- Conservative radio host Rush Limbaugh announced on his program Monday that he has been diagnosed with "advanced lung cancer."
- Limbaugh, 69, said he will take time off his normal broadcast schedule as he seeks treatment.
- He said the diagnosis had been confirmed by two medical institutions after he realized "something was wrong" in mid-January.
Conservative talk radio host Rush Limbaugh announced on his program Monday that he has been diagnosed with "advanced lung cancer."
Limbaugh, 69, said he will take time off his normal broadcast schedule to seek treatment.
"This day has been one of the most difficult days in recent memory for me," Limbaugh said. "I can't escape. … Even though people are telling me it's not the way to look at it, I can't help but feel that I'm letting everybody down with this."
He said the diagnosis was confirmed by two medical institutions after he realized "something was wrong" in mid-January.
"I thought about not telling anybody. I thought about trying to do this without anybody knowing, because I don't like making things about me," said Limbaugh, an outspoken supporter of President Donald Trump.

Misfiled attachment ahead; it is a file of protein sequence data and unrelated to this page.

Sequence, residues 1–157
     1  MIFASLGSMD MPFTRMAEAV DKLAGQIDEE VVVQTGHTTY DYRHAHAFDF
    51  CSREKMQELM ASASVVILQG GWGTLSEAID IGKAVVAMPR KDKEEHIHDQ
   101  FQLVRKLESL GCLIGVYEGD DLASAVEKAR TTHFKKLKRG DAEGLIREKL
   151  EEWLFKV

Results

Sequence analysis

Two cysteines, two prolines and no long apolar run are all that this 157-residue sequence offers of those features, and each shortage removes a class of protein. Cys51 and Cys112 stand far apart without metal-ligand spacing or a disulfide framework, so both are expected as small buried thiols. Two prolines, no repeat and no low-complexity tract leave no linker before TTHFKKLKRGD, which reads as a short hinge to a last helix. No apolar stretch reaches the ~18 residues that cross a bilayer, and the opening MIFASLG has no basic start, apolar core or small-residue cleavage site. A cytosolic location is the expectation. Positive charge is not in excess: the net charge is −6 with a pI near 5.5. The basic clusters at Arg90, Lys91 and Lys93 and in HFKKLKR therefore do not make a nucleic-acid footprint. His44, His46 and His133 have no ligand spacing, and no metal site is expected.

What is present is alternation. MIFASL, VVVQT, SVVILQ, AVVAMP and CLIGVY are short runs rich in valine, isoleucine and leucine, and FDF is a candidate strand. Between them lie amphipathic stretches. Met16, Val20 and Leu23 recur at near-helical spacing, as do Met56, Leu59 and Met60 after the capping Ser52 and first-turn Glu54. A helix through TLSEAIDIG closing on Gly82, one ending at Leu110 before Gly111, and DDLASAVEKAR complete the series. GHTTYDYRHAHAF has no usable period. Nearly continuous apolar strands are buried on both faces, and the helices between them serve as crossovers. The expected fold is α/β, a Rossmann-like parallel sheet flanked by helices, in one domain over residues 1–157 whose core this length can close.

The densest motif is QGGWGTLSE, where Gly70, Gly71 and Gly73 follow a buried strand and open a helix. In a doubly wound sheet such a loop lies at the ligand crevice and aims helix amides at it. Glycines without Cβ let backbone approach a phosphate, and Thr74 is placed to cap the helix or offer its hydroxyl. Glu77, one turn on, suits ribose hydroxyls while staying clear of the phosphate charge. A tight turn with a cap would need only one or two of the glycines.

"But there are going to be days that I'm not going to be able to be here, because I'm undergoing treatment or I'm reacting to treatment," he said.
Trump tweeted about Limbaugh's diagnosis Monday night, calling the host "a great guy & fantastic political talent," and wishing him "a speedy recovery."
Limbaugh, whose career stretches to the early 1970s, has been a conservative media legend and household name — even among the many detractors to his left, who accuse him of injecting a harmful strain of far-right demagoguery into the U.S. media landscape.
His millions of regular listeners, however, credit him as a leading political thought leader who punctured a left-skewing media bubble and proudly promoted Republican and conservative ideals.
Limbaugh "was the innovator who spoke for the Americans ignored and disrespected by the elites," Trump lawyer and former New York Mayor Rudy Giuliani said in a tweet Monday. "America needs Rush."
Limbaugh was as recognizable for his distinctively brash, scrappy vocal timbre as he was for his cigar-smoking habit, for which he was so well-known that he even appeared on the spring 1994 cover of Cigar Aficionado magazine.
While the radio man steered clear of the so-called mainstream news narratives, he often found himself at the center of mainstream controversy.